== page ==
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  3. Anyone reading this post who lives in Chicago or Illinois can find thirteen of John Rhode’s books at the main branch of the CPL (Harold Washington Library). Unfortunately, they are all from his later period (1947-1959) which are not the best of his work.

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    • A number of the books I’ve got hold of are from that period… but not all of them. You can add Mystery at Greycombe Farm and The Motor Rally Mystery to the list – definitely need to run this for longer than a month.

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  4. I rate the John Rhode books very highly indeed. The Venner Crime has been mentioned by a few people and it’s excellent. I also love The Motor Rally Mystery (I’ve forgotten the alternative US title). One of the very few Rhode titles that is fairly easy to find is The Claverton Mystery (AKA The Claverton Affair) – for some reason that one actually got a paperback reprint which can be picked up fairly cheaply. Unfortunately while I enjoyed it it’s not the best of his Dr Priestley books by a long way.

    I’ve only read his work from the 1920s and 1930s. I have heard that his later stuff shows a bit of a falling off in quality. His 1920s/1930s stuff is terrific.

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  5. There’s definitely a falling off in many of the later books, especially in the 1950s; it’s a trend you see in other highly prolific GA authors as well, though probably sharper in Street, who wrote so many books. Street was reprinted in pb in Britain and Canada in the 1930s and 1940s. His books by the 1950s were most read by patrons of rental libraries. There was a devoted, though small, audience of purist puzzle mystery mavens who still read him.

    I like the byplay between Merrion and Arnold, but you’re never going to get much in the way of back story with him; the most you get of a personal side is when he’s holidaying with his wive Mavis, as he does increasingly in the later books and as Street did in real live with his wife Eileen.

    The Street estate, in contrast with Connington’s, simply hasn’t been, in my view, receptive to reprint offers. I gave the British Library the contact info for them and they were able to get the two Burton books reprinted, but if they continue at that rate it will take over thirty years to see them all in print again, and that’s just the Burtons! It’s too bad. I really would have liked to have been involved personally with reprinting Street.

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    • There’s definitely a falling off in many of the later books, especially in the 1950s; it’s a trend you see in other highly prolific GA authors as well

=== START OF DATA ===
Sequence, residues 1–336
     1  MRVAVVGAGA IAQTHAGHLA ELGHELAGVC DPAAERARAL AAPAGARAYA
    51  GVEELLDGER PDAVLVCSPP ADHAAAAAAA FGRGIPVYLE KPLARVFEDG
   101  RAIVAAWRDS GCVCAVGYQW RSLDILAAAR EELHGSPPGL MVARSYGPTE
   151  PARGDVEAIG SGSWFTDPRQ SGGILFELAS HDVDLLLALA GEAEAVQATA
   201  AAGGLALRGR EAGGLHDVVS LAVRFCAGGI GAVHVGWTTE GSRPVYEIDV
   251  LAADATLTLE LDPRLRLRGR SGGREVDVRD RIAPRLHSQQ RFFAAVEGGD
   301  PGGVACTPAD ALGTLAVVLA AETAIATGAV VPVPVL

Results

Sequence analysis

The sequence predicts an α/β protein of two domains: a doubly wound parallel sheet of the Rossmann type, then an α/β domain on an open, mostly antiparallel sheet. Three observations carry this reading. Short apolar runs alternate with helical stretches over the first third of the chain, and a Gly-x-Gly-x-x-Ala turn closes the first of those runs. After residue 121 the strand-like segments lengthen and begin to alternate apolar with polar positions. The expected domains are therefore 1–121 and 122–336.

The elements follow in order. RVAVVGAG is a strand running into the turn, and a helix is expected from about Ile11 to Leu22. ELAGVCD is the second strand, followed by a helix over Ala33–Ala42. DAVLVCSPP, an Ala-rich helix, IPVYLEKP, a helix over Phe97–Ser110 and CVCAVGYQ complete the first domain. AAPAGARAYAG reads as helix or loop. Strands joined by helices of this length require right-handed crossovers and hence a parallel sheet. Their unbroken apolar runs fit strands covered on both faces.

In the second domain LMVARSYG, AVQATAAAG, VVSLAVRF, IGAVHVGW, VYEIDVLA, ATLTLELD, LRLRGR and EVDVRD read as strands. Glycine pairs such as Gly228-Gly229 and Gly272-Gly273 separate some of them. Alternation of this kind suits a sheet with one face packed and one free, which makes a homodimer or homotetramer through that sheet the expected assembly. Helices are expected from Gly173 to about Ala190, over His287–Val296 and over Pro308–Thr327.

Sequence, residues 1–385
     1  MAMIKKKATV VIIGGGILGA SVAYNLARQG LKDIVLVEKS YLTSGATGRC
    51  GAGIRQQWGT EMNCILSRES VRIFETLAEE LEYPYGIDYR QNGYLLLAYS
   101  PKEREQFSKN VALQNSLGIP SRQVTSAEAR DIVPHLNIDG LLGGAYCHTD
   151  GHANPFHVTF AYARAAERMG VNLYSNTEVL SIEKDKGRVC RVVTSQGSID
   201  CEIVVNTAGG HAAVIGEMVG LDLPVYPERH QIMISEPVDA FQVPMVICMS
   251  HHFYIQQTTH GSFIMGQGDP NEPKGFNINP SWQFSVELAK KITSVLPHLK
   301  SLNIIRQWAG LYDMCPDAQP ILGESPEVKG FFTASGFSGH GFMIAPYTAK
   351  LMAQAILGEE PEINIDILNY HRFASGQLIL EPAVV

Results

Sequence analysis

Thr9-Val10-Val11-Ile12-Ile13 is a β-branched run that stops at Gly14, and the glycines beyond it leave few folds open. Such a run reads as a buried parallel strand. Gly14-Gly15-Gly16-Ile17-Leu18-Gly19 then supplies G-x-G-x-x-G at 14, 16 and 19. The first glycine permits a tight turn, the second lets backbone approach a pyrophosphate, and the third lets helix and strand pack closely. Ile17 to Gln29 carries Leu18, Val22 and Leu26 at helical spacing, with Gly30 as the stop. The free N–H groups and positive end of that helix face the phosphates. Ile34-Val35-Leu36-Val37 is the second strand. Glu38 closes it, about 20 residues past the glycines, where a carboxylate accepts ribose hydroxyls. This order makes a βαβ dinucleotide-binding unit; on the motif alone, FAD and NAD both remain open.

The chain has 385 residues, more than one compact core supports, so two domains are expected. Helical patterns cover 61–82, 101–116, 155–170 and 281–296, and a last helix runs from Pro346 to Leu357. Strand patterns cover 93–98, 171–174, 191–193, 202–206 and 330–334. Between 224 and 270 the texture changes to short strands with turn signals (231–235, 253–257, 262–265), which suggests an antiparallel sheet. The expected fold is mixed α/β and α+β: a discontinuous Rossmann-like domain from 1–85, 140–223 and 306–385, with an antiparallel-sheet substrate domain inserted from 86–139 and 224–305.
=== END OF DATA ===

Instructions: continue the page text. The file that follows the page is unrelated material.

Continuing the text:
It’s pretty common among writers in any genre.

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    • I must admit to being surprised at the choice of books as well. Not only are the pair chosen being printed out of order – not that Street is going to include significant character development but The Secret Of High Eldersham is the introduction to Merrion – but the Burton books seem to be significantly more obscure and less well-known than the Rhode books – but I supposed that’s the point of “Lost Classics” I suppose.

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      • I think they went with Burton because there’s a gentleman amateur sleuth with Merrion and more country settings. There’s an idea thats what most people want from their classic English mysteries.

        They police inspector in Eldersham leaves the series after the next book, to be replaced by Arnold. BL should have reprinted Eldersham, Three Crimes and Death of Mr. Gantley first had they cared about chronology. I have a notion they reprinted Tunnel because HRF Keating wrote about it, as well as Jacques Brazen. But I don’t really know, no one connected with the BL discussed the choices with me. I discuss Tunnel a good bit in Masters, but I don’t believe any of that is mentioned in the BL intro.

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    • Now of course I need to decide which order to read my acquistions in. I’m tempted to go chronologically – my mathematical brain – but I hate to read all the good ones first. I’ve 1933 (x2), 1934, 1946, 1947 and 1952 for Rhode and 1930, 1936 and 1946 for Burton, so luckily nothing too late… But then Early Morning Murder was 1945 and I didn’t enjoy that much at all. Is that a typical example of a Merrion book?

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      • Not an example of a good one! Street slacking there. There are some quite good Burtons from the 1940s though and after the early 1950s I think the Burtons tend to be better than the Streets.

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  6. […] As I’ve said, inspired by the BL reprints, I’m embarking on a Rhode-A-Thon (follow the hashtag #IReadRhode on twitter) with this as the first. I wonder how this ranks in the quality of Rhode’s books. I’m guessing it’s average – intricate plotting let down by a silly scheme and paper-thin characterisation. Which sounds like I’m having a go, but it’s still a good read that grips the attention throughout. I might come back to this one and say more when I’ve others to compare it to. In the meantime, however, this one is Well Worth A Look. […]